Amazon's new electric delivery van from Rivian is cleaning up two-day delivery.
Image: Twitter | Amazon

On Thursday, Amazon founder Jeff Bezos announced a new initiative to reduce his firm’s carbon emissions. As part of the program, the corporation is going to make its supply chain a lot more environmentally friendly. The e-commerce giant has ordered 100,000 electric delivery vans from a startup called Rivian.

Amazon’s New EV Delivery Fleet

Last year, Amazon noted that it shipped more than five billion Prime orders in 2017. As the e-commerce giant is continuously looking to expand its operations, it needs a vast logistics infrastructure to facilitate growth. The corporation’s order from Rivian will go a long way to ensure its supply chain won’t be harming the world’s air quality while making two-day deliveries.

At the climate change event, Bezos said that Amazon’s new electric delivery fleet will be on the road by 2024. However, the startup’s emission-less vans will be bringing packages to customers before then. The executive notes that Rivian will have prototypes ready by 2020 and the electric vehicles (EV) will be transporting orders by 2021.

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Though Bezos didn’t show his company’s new delivery EVs, Amazon Senior Vice President Dave Clark tweeted out a rendering of the unnamed van.

How Rivian Won Amazon’s Business

While the electric vehicle space has become increasingly crowded since Tesla’s ascent, Rivian has distinguished itself from the crowd. Founded in 2009, the Plymouth, Michigan-based startup debuted its first EVs in late 2018. The R1T is a pickup truck that can go 400 miles per charge and reach 60 miles per hour in three seconds. Moreover, its R1S has a maximum range of 410 miles and 750 horsepower.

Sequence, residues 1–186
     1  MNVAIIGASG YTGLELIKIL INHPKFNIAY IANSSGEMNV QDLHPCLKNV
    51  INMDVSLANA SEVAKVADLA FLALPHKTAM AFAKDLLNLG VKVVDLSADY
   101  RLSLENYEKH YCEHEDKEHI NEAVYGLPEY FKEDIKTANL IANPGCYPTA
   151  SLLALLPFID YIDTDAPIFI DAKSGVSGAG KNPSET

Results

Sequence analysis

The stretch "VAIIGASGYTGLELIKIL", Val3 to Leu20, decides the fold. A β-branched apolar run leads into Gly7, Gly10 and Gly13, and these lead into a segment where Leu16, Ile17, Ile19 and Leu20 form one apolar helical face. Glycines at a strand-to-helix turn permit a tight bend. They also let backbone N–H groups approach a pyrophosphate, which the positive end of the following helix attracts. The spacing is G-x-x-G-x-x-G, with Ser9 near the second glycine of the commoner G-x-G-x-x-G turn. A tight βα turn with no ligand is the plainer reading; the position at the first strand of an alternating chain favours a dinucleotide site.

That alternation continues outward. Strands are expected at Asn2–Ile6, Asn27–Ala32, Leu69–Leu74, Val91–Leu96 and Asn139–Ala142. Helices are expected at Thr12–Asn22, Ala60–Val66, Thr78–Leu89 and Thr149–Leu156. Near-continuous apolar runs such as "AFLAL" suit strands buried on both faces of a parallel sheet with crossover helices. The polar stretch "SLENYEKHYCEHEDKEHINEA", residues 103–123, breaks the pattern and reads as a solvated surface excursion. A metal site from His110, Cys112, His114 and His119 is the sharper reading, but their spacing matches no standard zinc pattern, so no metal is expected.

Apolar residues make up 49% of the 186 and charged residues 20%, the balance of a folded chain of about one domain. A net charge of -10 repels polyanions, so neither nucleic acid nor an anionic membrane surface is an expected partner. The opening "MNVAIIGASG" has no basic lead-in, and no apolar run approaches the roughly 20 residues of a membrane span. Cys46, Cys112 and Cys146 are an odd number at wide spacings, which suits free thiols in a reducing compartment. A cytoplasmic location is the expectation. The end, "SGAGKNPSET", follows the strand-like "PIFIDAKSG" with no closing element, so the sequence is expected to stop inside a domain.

Notably, both of Rivian’s consumer EVs come equipped with features that allow them to drive themselves to some degree. The startup’s innovative technology interested Amazon as it led a $700 million funding round for Rivian last year. Now it seems that the firm has impressed the corporation enough to buy an entire delivery fleet.

Possible Production Challenges

It’s worth noting that for all its investor confidence, Rivian has yet to sell a single vehicle. The startup is currently accepting preorders for its pickup truck and SUV, but neither will be available until 2020. With its 100,000 unit order, Amazon will put the firm’s production capacity through an incredible stress test.

In the past, other EV makers have had difficulty fulfilling large orders. In April, The Verge reported on Tesla’s inability to meet the demand for its vehicles because it couldn’t get enough batteries to the production line.

On the other hand, Rivian might be able to mitigate some of its sourcing and production issues thanks to its prior partnerships. Five months ago, the company received a $500 million investment from Ford. As part of the transaction, the carmaker gained access to the startup’s designs for use in its EV production. Furthermore, earlier this month, Rivian inked a $350 million deal with Cox Automotive.

The electric vehicle company could leverage those relationships to ensure that it meets its commitment to Amazon. Rivian certainly has the incentive to make good on its new production deal. If the startup becomes Amazon’s go-to delivery vehicle supplier, it will likely see great success as a major player in the commercial automotive sector.

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